NBC's Philandering Philanthropist: Where Is the Rest of the Story?

09/05/2009 05:12 am ET | Updated May 25, 2011

I've been watching NBC's The Philanthropist and wonder if the show will turn a corner anytime soon and start following more closely the philanthropy of the man who inspired the show -- instead of mixing MacGyver and The Amazing Race.

Tonight is the eighth episode of the action drama, which is modeled after the real-life experiences of American entrepreneur Bobby Sager, who retired from a successful business to use his philanthropic resources and business acumen to change communities and lives of those around the world. This show, however, chronicles the adventures of a wealthy, philandering businessman who jets around the world closing business deals while ministering to the "misfortunate" on the side.

The first season is not yet over so I may be premature in judging the show. However, from what I have seen, The Philanthropist suffers from a misunderstanding of philanthropy and perpetuates the Global North's stereotypes.

I hope NBC will look to Bobby Sager's example for inspiration to evolve the character of Teddy Rist -- the main protagonist. I agree with NBC's portrayal of philanthropy as an activity that creates heart-pounding excitement and a sense of adventure. But viewers should know they don't need a million dollars and a private jet to make a difference in the lives of people in their own community and around the world.

The main misrepresentation about philanthropy is you need a bottomless bucket of money to participate in it. Having Teddy throw cash around in each episode discounts contributions of all philanthropists and sends a message to viewers that you can only make an impact if you have so much money you stopped counting it long ago. In my experience as both a philanthropist and working in the field of philanthropy, I see countless examples of how philanthropists are changing the world, with the tools and resources they have, and with far less than unlimited of dollars at their disposal.

The money is a tool representative of lessons learned, knowledge gained and an exchange made in partnership with those who, more often than not, have the solutions to address the issues they are experiencing. Money symbolizes a relationship -- not a substitute for a relationship. Real philanthropy is a two-way exchange, not one-way or top-down. The show fails to show the mutual assets of partners in the philanthropic exchange and does not portray transformative philanthropy that changes the causes of problems instead of just doling out money for a quick fix of the symptom.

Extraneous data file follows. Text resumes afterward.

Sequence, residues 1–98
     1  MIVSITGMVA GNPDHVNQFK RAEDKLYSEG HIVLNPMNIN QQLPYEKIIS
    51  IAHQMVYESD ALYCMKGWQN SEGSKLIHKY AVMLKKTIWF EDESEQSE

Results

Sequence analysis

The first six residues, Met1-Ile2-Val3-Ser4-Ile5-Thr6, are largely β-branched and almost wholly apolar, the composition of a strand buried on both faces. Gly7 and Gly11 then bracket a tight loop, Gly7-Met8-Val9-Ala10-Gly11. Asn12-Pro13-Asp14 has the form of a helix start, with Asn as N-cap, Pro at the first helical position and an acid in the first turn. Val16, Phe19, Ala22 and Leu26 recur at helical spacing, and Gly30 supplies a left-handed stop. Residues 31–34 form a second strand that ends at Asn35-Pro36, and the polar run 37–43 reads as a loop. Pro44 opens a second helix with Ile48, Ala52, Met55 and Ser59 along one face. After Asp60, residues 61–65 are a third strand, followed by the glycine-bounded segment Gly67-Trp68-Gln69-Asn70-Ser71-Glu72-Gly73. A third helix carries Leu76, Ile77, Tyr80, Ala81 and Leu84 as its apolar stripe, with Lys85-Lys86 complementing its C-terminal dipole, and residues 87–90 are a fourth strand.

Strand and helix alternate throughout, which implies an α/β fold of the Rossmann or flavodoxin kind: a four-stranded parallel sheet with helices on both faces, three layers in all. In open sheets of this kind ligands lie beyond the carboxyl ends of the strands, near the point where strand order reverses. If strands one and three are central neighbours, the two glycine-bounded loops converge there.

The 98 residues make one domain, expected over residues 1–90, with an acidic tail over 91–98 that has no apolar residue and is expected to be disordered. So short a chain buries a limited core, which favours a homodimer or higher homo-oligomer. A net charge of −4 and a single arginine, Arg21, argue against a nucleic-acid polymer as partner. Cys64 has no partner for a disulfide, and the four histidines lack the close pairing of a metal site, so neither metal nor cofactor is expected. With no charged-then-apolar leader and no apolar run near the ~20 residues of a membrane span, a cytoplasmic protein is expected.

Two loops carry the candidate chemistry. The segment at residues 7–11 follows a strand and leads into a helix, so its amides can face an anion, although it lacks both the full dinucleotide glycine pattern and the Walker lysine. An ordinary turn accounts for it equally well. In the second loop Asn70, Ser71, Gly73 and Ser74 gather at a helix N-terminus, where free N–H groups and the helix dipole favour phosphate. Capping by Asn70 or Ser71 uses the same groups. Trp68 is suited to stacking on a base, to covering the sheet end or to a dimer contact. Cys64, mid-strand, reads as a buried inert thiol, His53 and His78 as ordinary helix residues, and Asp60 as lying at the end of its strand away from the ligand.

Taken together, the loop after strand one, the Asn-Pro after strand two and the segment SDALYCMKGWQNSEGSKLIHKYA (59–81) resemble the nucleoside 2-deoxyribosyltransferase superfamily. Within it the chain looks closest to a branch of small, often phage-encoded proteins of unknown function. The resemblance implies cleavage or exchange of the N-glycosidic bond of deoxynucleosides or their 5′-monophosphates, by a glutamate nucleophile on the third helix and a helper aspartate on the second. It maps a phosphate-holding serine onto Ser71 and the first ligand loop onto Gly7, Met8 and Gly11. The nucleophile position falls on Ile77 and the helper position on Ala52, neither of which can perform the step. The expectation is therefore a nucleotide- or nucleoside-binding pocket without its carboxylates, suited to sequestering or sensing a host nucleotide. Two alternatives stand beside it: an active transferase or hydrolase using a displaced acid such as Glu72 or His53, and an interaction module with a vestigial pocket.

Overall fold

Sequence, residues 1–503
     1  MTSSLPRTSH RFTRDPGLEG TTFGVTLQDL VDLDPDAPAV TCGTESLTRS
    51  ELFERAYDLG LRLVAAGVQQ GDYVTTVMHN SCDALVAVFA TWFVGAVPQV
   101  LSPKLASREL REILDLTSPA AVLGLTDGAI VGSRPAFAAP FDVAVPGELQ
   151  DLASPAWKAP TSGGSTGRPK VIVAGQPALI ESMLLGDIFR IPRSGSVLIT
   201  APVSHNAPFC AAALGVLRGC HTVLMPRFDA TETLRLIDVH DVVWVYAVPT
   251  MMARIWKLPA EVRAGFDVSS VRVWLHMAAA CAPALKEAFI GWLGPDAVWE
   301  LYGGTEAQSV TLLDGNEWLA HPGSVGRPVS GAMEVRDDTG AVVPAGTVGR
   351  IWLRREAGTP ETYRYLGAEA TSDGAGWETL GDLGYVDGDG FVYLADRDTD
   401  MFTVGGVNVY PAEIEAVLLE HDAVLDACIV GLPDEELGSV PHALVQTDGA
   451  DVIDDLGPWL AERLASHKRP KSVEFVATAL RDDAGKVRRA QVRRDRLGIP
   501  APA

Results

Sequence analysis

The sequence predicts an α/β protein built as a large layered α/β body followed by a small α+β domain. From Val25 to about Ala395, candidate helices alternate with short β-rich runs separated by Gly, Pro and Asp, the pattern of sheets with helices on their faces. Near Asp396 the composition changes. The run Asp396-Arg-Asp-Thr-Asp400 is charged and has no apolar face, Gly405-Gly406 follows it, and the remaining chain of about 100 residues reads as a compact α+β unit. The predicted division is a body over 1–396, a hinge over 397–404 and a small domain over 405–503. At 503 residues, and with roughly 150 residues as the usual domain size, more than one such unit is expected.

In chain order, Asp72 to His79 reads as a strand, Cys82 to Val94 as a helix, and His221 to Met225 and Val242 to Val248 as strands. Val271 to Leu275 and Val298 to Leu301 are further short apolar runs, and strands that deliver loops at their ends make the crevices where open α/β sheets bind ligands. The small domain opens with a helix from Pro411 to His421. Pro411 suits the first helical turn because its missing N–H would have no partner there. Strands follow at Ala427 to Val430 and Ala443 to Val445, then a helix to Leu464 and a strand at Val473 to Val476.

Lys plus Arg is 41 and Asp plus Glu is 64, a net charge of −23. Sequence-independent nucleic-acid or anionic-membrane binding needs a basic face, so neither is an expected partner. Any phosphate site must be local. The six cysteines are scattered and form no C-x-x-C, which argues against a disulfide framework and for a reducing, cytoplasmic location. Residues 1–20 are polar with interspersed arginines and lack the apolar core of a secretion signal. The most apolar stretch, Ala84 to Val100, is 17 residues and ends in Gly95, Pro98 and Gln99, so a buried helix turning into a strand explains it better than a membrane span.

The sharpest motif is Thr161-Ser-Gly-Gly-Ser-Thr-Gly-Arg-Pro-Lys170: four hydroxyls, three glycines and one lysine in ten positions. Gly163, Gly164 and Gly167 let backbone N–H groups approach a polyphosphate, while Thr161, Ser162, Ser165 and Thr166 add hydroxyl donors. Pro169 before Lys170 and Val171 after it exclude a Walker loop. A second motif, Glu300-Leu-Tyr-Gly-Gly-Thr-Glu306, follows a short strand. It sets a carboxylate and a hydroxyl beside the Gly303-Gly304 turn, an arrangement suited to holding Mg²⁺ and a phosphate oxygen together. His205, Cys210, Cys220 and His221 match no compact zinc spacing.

In the third episode Teddy travels to Paris to close a deal with a French rail company that would open access to mines in Eastern Europe. He uncovers a vast sex trafficking ring with ties to the man he is there to do business with. The women are portrayed completely as victims, waiting for a Prince Charming character with loads of money to free them from their captivity. It only tangentially focuses on the poverty and hopeless among those who are caught in the snares of predators who realize profit and opportunity via the pain and suffering of others and totally glosses over the market for this heinous industry. In this episode men decked out in tuxedos, in a casino within a five star hotel, are fueling the third most profitable illegal business trade -- sex trafficking -- only exceeded by the profits made by selling drugs and illegal weapons.

Another episode takes place in Burma where Teddy frees a man from slave labor so he can donate a kidney to his ailing daughter. I was waiting for the episode to end so I could learn more about how consumer activism could force changes in corporations who utilize exploitative labor practices. However, after the show ended there was no further information on these issues -- just the credits.

Philanthropists are not those who show up "just in time" to rescue people in need. Philanthropists are each of us with a love for humanity and justice, who leverage our relationships, spheres of influence, the internet, and money -- whether it's $10, $100, $1,000 or more -- for lasting change.

I will be watching to see where The Philanthropist ends up. Will Teddy broaden his conceptions of what it means to give? Will he realize his James Bond-style sexism that has no place in the life of a man who wants to bring equality to the world? Will NBC give viewers more inspiration so they can turn off the TV and start creating their own versions of The Phlilanthropist?

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